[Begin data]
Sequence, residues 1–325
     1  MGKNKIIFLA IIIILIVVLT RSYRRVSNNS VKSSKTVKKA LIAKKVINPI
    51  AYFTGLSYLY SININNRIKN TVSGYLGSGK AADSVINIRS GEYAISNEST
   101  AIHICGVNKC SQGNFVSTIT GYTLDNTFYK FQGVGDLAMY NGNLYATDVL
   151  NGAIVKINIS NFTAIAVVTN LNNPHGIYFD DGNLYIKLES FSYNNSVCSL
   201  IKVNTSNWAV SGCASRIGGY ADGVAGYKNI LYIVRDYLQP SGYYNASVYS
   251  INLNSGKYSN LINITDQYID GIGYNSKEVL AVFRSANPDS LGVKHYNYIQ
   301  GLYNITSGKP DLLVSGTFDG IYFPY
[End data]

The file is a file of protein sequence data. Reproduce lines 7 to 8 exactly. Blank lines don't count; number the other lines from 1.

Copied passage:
   251  INLNSGKYSN LINITDQYID GIGYNSKEVL AVFRSANPDS LGVKHYNYIQ
   301  GLYNITSGKP DLLVSGTFDG IYFPY